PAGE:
site: HOME > > Economic > Opinion
Air with Chinese Characteristics
Summary:It seems Beijing officials can't change the air, and, thanks to the U.S. motoring station, they can't even change our way of assessing at it.

By Lao Yu

Economic Observer Online

Nov 2, 2011

Original article: [Chinese]

 We all breathe the same air, and we’re all equal before death; such sayings were once the opium of the people, but they shouldn’t deceive those inhaling Beijing’s smog.

Air isn’t the same everywhere. Yes, we live under the same sky as Beijing’s privileged, but we don’t have their trees, ponds and parks. No matter how large the diameter of the toxic particles, they inhale fare fewer than we do.

“We have made some progress by our own standards,” Du Shaozhong (杜少中), a spokesman for Beijing’s Environmental Protection Bureau, said in a message denouncing the U.S. Embassy’s air testing data.

There's always an option when you need to convince everyone that they're  safe - if you can’t change the world, then you only need to change your way of looking at it. This approach has been perfected across China, leading to wage growth, property prices rises, happiness indexes, melamine and gutter oil.

This might amuse the officials in charge of statistics, but not the ordinary people whose health, happiness and prosperity they’re supposed to be measuring.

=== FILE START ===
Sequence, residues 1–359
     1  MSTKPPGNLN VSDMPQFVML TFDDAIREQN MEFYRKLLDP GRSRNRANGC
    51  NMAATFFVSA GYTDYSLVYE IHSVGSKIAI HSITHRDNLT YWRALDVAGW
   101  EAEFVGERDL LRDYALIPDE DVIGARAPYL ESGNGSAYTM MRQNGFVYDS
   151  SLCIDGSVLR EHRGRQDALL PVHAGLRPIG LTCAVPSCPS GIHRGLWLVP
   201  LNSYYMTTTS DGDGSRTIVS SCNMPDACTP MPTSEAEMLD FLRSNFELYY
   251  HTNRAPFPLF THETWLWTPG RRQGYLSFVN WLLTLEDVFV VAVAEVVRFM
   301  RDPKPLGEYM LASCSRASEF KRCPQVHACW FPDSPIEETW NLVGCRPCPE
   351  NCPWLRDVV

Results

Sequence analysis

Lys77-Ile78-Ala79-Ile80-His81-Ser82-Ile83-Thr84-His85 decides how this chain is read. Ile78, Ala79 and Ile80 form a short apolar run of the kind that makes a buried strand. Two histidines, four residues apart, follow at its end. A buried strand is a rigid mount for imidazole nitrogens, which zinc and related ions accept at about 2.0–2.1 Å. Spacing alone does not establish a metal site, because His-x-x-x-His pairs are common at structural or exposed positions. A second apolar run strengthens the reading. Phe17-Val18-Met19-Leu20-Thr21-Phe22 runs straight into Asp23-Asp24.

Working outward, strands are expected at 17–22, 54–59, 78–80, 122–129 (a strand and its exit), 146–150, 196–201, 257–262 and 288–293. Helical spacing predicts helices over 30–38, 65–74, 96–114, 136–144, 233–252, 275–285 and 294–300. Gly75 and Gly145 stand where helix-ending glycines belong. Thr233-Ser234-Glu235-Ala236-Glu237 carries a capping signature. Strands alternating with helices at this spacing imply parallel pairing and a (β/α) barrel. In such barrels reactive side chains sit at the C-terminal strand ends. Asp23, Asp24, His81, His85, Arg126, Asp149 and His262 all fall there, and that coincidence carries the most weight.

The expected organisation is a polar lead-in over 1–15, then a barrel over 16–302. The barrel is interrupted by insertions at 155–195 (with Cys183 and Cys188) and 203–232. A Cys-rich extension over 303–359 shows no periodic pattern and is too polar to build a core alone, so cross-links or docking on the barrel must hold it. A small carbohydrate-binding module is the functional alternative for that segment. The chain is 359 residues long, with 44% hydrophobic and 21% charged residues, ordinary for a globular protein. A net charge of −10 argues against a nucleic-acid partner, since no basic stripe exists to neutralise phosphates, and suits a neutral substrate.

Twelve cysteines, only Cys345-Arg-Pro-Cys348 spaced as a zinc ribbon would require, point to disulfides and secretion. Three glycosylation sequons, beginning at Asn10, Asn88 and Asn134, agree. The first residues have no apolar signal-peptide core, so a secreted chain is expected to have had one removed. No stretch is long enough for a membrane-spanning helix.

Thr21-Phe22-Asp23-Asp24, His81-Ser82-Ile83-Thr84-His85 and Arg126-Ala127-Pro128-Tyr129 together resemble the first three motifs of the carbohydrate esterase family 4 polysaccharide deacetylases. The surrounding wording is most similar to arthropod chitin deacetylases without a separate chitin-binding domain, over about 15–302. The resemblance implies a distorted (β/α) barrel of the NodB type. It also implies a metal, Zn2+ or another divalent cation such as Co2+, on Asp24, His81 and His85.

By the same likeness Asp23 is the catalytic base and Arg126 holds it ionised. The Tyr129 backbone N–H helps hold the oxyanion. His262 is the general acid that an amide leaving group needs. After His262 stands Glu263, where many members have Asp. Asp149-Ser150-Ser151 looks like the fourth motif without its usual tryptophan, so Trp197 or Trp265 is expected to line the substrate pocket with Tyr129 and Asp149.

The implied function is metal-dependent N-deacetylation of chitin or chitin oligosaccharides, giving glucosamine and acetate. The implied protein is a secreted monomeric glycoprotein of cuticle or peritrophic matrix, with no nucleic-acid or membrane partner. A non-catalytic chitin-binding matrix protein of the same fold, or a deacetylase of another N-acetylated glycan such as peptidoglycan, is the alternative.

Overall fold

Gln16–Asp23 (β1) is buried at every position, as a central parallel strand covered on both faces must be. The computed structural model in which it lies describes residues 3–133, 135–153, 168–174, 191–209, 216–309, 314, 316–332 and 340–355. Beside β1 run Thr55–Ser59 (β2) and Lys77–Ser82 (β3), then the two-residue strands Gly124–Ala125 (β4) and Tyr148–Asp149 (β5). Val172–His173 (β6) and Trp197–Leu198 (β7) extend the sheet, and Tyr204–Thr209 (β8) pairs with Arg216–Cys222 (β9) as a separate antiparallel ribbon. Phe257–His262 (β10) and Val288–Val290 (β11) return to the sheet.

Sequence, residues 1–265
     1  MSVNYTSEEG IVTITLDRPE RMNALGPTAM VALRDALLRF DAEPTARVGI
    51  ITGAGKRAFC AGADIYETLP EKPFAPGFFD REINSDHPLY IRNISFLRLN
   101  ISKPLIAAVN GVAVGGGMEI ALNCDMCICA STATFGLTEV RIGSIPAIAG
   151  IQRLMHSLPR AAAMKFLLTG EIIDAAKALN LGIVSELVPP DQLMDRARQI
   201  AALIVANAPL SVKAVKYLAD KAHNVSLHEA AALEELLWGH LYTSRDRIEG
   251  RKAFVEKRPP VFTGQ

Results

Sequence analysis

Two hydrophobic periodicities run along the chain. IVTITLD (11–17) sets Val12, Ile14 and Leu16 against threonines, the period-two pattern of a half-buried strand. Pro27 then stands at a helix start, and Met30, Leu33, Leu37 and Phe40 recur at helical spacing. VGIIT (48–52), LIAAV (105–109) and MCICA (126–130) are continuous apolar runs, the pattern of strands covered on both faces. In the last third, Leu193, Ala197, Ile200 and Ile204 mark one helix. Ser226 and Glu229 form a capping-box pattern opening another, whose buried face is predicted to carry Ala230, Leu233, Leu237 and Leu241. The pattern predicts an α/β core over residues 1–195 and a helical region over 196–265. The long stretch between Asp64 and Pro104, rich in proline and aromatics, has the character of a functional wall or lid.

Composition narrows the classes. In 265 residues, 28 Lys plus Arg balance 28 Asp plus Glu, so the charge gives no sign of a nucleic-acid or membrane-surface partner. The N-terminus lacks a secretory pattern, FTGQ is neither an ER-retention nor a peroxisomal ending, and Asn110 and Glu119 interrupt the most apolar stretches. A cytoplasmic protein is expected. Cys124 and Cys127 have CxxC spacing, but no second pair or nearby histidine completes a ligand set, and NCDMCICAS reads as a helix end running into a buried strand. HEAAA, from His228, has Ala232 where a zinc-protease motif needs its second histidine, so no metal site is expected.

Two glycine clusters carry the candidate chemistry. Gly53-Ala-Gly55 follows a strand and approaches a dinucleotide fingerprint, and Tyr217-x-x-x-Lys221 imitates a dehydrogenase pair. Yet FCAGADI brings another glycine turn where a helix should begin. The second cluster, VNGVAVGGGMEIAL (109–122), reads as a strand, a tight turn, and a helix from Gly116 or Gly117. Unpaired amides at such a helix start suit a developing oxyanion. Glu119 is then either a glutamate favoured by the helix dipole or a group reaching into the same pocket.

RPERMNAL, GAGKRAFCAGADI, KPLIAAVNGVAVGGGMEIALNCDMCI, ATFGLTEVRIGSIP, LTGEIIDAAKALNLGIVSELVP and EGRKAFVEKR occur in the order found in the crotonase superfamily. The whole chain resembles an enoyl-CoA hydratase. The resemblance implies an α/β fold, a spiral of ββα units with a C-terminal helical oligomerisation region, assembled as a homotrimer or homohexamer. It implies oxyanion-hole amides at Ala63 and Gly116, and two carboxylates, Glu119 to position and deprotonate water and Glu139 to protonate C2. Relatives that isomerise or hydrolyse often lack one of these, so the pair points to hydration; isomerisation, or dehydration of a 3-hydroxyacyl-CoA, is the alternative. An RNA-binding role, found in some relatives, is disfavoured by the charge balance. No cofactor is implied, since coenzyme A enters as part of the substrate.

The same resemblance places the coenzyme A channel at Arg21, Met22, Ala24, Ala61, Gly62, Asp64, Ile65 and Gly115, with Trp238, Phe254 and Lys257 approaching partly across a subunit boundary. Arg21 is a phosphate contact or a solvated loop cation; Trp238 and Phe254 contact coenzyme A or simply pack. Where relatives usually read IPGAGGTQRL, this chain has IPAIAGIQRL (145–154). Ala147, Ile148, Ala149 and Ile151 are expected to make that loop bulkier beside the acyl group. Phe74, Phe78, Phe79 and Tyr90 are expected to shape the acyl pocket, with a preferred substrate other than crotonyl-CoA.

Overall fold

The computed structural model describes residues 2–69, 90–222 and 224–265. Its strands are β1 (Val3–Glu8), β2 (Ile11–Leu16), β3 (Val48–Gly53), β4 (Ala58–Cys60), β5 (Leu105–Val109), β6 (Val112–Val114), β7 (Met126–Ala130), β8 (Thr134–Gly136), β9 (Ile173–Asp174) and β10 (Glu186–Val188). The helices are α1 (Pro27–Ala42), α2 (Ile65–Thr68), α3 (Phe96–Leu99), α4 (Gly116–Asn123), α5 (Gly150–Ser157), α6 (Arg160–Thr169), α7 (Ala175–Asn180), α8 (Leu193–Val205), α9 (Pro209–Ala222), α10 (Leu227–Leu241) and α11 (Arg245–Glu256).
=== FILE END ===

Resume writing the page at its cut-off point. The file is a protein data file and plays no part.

“You can’t believe that data from the U.S. Embassy!” wrote one official, questioning the reliability of a monitoring station that has consistently indicated hazardous levels of pollution in the capital. His argument – that the data only represents a single site, not even an entire district of the city – caused an uproar online. The U.S. embassy’s pollution monitor isn’t an attempt to undermine the Beijing government’s environmental monitoring; it’s a useful measure of the air quality for people nearby.

The rejection of any standard except the official one, even when it means asking people to deny the evidence of their own senses - this is the crux of the problem. It’s frightening when questions of health are politicized. Fortunately, propaganda isn’t effective when it endangers people’s health; they’re more concerned about the accuracy of data than its source.

Pollution has given Beijing smog so thick that you can sometimes only see your own feet. When it settles on the city, it reminds people of the awfulness of their surroundings. The official data, updated once every 24 hours, is utterly useless. If you relied on the official standard, you’d never know what was in the air - the city has no interest in telling people truths that will scare them. Given its duty to keep them calm, Beijing’s government is hardly going to introduce a genuine pollution measure. Instead, we can all try guessing - how much carcinogenic dust will we have to inhale today? And if the U.S. Embassy’s data goes offline, the game will become more fun.

Alternatively, we could try convincing ourselves that the lungs of the Chinese people have their own national conditions, and, unlike foreigners’ bronchi, can cope with air made in China. In that case, let’s have more smog!

The translation of this commentary was edited and rewritten in places by Will Bland. 


Comments(The views posted belong to the commentator, not representative of the EO)

username: Quick log-in

EO Digital Products

Multimedia & Interactive